Getting a belated start to 2010 albums with some theoretical comfort food — new albums from three bands who each produced one of my favorite albums of the past couple of years. None repeat the trick here, but one comes pretty close, and one falls off hard.
The Big To-Do — The Drive-By Truckers (ATO):
As tends to be the case on lesser Drive-By Truckers albums, bandleader Patterson Hood's grand proclamations — about a faltering economy, a dying music scene, and a couple of domesticated circus performers — fall a little flat here. But he redeems himself with sidelong glances at a couple of mysterious crimes (the unstated details of one will be familiar to most Memphians) and a tough alcoholic's testimonial. As is the case with all Drive-By Truckers albums, less prolific sidekick Mike Cooley comes through some priceless low-rent character sketches (especially the nagging wife's rant "Get Downtown"). And this time out, newish third wheel Shonna Tucker's starkly written contributions provide a more useful tonal contrast. A merely good record from a great band. ("Get Downtown," "The Fourth Night of My Drinking," "Drag the Lake Charlie," "Birthday Boy")Grade: A-
Romance is Boring — Los Campesinos (Arts & Crafts):
As thrilling as this jumble of a band's formative stretch was — a handful of ecstatic early singles and EPs culminating in the brilliant, breathless 2008 debut Hold On Now, Youngster
— Los Campesinos never felt like something built to last. The band sounded like a dorm-room lark magically morphing into something more, and the hormonal chaos and sense of delight in their own precocious verbosity that animated the band's music wasn't meant for full-fledged adulthood. But even with that in mind, this is a pretty hard fall. Recorded while on an American tour, this overstuffed, exhausted record is a mess. Earlier, the tormented snark of frontman Gareth was grounded by the counterpoint of brainy nice girl Aleksandra. Here, the since-departed Aleks is a minimal presence, with Gareth run amok, the occasional memorable one-liner ("Every girl I ever kissed I was thinking of a pro footballer," "I think we need more post-coital and less post-rock") poking out from the deluge. And the musical problem mirrors the lyrical/vocal one. Where the early records sounded like a collection of competing hooks bouncing around on a trampoline, here that inherent business has been flattened into hookless muck. Oh, Los Campesinos — we'll always have 2008. ("Romance is Boring," "Plan B").Grade: B-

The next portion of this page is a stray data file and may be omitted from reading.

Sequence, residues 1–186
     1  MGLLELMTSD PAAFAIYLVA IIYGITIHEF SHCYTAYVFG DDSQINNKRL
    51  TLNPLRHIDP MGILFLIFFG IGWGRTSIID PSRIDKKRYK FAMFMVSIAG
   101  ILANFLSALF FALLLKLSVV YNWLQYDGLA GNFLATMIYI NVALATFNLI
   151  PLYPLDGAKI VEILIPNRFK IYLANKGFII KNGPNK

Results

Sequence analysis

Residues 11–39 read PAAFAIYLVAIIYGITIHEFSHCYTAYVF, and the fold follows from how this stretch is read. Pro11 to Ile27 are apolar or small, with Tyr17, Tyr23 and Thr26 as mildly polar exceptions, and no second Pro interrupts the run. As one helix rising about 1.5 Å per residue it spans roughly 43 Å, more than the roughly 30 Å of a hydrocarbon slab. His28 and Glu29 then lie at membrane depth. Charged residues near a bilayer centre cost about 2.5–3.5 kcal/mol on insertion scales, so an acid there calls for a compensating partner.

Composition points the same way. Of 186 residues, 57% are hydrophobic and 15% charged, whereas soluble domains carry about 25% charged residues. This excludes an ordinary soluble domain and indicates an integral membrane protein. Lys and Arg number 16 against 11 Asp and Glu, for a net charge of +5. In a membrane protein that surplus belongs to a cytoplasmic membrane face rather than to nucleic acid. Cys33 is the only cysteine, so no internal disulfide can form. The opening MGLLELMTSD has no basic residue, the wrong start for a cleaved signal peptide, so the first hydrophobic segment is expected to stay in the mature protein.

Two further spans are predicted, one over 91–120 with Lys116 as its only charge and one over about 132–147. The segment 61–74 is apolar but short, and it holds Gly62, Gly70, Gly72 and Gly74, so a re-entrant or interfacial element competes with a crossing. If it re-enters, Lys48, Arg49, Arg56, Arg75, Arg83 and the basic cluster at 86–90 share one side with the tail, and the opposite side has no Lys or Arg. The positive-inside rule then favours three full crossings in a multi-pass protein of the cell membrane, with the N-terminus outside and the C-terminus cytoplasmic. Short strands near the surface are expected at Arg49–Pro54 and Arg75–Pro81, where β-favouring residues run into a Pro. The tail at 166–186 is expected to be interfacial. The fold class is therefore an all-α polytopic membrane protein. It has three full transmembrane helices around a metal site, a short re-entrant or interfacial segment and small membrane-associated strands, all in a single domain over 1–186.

Contra — Vampire Weekend (XL):
With the rest of their New York-based indie scene having a (not inherently) unfortunate psych/prog moment, Vampire Weekend are the young hotshots sticking most closely to the Chuck Berry Principle: Smart, witty lyrics hooked to catchy music that motorvates. That the band's sonic foundation is rooted in an Afropop-for-starters/new-wave hybrid more brisk and nimble than even the Talking Heads could manage rather than the traditional blues/country mix only makes their version of rock-and-roll culture-clash fresher. This sophomore album lacks the conceptual cohesion of the band's eponymous debut, which was dominated by evocations of collegiate lust. The songs here — mostly, it seems, travelogue observations and generous snapshots of a doomed relationship — are thornier and tougher to crack, though telling details abound. But the band's musicality — which extends to Ezra Koenig's unabashedly pretty vocals — is both heroic in its expansiveness and also grounded in a welcoming simplicity. And their overstated privilege remains richly examined. ("Cousins," "Giving Up the Gun," "Taxi Cab," "Holiday")Grade: A-